.223 length

Discussion in 'Ammunition & Reloading' started by aandabooks, Jul 14, 2014.

  1. aandabooks

    aandabooks New Member

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    How long do you guys let your .223 brass get before trimming down to book length? I've got a bunch to process and I really hate trimming and deburring.
     
  2. Highpower

    Highpower New Member

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    Don't let them go over 1.760" (Max length.)
     

  3. Sniper03

    Sniper03 Supporting Member Supporter

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    You need to go by the specified length of a good quality reloading manual.

    03
     
  4. aandabooks

    aandabooks New Member

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    1.750" is what my books list. I normally trim to 1.745". What is the longest I can let them go? These are going in my M&P15.
     
  5. Highpower

    Highpower New Member

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    1.750" is the recommended TRIM TO length in most reloading manuals.

    The SAAMI spec for the .223Rem is 1.760" (- .030).
    So the maximum length is 1.760" and the minimum length is 1.730".
     
  6. Bayou

    Bayou Active Member

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    Hornady 8th edition lists max length as 1.76" with a trim to length of 1.75".
     
  7. JonM

    JonM Moderator

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    I trim to 1.745

    All my 223/556 cases get trimmed to 223 spec at 1.745 middle of the road. I have a LOT of this type of brass and its such a chore I use a dillon electric trimmer in the xl650 to do them all when the bucket of brass gets close to the top.

    What you need to be concerned with is how thick is the web. As you shoot reload time resize and so on the brass you remove comes from somewhere. What I do is sort by headstamp, weigh and segragate into 1 grain of weight difference piles. Take one from the pile with the lightest average weight cut it at the base of the case and examine wall thickness. If it looks thin all of that weight gets recycled.

    Its still work but it prevents case head seperation as the brass gets thinner from use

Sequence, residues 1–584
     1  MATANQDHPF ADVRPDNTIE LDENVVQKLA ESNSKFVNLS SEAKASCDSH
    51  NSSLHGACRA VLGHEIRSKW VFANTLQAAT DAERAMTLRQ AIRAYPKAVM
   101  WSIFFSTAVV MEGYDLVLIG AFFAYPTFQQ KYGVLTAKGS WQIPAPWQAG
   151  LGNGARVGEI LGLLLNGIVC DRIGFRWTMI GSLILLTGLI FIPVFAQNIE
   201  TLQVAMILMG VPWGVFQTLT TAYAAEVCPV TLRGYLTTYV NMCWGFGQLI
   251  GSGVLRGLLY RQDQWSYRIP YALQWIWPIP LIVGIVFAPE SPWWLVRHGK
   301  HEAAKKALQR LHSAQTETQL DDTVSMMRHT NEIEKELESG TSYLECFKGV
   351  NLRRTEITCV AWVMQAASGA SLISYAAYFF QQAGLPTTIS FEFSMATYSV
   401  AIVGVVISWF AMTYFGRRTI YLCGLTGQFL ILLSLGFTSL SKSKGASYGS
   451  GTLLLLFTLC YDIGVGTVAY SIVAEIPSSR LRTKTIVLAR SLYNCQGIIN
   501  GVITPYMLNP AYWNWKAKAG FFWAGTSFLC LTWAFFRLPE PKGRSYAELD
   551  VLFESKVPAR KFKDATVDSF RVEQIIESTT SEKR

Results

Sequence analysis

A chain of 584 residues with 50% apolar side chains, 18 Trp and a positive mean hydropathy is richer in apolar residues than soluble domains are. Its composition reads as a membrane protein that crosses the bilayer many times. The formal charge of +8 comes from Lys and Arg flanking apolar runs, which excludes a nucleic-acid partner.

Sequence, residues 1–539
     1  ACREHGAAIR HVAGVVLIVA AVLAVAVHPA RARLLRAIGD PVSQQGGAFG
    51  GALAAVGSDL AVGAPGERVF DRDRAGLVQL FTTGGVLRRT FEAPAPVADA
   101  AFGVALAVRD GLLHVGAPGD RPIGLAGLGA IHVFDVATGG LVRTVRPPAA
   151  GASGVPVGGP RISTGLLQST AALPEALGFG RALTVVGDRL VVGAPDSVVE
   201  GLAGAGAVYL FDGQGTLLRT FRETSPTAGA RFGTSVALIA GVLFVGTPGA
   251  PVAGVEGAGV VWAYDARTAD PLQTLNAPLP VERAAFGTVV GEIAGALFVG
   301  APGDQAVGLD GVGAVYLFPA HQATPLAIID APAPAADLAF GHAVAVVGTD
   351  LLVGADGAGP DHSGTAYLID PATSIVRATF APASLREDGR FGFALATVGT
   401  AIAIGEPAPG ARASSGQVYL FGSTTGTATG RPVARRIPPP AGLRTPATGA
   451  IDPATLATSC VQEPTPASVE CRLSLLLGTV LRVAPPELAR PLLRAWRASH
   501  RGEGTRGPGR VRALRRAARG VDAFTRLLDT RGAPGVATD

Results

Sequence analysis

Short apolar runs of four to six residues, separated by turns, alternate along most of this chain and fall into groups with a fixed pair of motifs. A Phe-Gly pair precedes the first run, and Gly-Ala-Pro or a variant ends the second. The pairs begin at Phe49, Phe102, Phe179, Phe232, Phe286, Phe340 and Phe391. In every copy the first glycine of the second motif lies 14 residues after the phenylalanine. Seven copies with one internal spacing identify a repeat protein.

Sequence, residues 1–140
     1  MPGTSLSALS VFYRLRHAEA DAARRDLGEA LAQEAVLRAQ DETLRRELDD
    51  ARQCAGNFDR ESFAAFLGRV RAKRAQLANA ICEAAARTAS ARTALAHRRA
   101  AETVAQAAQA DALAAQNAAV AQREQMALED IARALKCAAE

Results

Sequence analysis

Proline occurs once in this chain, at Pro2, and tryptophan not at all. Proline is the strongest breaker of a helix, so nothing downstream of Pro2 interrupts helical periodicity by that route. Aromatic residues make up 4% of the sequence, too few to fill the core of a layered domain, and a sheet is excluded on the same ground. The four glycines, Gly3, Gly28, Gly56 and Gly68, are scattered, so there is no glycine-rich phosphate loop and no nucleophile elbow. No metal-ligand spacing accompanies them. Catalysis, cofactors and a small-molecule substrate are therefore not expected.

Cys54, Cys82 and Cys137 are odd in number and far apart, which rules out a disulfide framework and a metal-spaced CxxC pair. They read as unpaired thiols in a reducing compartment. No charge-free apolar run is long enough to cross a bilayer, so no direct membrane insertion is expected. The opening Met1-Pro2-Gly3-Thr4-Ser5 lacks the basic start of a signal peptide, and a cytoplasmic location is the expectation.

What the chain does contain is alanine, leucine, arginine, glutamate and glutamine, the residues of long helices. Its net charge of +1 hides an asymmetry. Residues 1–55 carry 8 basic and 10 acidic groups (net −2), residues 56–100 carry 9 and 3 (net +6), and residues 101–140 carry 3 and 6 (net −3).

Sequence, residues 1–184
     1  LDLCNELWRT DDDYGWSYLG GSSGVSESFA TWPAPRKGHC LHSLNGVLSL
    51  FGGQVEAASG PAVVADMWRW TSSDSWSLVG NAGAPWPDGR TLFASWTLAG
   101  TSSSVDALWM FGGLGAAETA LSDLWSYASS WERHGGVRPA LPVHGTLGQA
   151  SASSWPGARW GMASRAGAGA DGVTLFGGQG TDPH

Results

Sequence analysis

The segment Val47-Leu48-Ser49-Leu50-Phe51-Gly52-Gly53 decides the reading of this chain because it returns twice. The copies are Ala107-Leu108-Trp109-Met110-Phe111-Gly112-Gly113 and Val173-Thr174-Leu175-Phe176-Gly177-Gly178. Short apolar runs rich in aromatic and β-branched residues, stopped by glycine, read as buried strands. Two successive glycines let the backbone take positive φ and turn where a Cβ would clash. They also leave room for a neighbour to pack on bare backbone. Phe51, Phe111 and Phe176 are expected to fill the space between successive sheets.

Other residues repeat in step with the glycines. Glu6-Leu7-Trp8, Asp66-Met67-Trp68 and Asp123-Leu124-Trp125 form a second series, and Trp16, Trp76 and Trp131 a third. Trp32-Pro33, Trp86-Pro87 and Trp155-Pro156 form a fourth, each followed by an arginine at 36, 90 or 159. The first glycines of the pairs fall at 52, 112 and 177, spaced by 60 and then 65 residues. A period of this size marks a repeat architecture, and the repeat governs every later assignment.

8. Highpower

    Highpower New Member

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    I have lots of 5.56 brass as well. I shoot a lot of 80 gr bullets and want as much bearing surface as possible between the case neck and the bullet, so I trim my cases to 1.755".

    I reload in 1K batches and use a Gracey power trimmer. It works like an electric pencil sharpener. You simply stick the case neck in the end, and it trims, chamfers and de-burrs the neck all at the same time. Done in no time at all. :)

    http://www.matchprep.com/trimmer.htm
     
  9. aandabooks

    aandabooks New Member

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    In doing some random checking on the batch I am currently working on the longest I found was 1.757". I guess I'll be able to load these up and shoot them again. They have been fired twice.
     
  10. Highpower

    Highpower New Member

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    If you are loading bullets with a cannelure and crimping the case mouths, it's best to trim all your cases to an equal length. That way the crimp doesn't end up above or below the cannelure due to varying case lengths. Consistency in your reloading methods helps maintain the accuracy of the ammo you produce.

    For bullets without a cannelure and using a light taper crimp it's not a problem unless you exceed the maximum case length.
     
  11. JonM

    JonM Moderator

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    measure after full length sizing if using a semi auto or if a bolt gun and nack sizing after neck sizing.

    measuring a fired case tells you nothing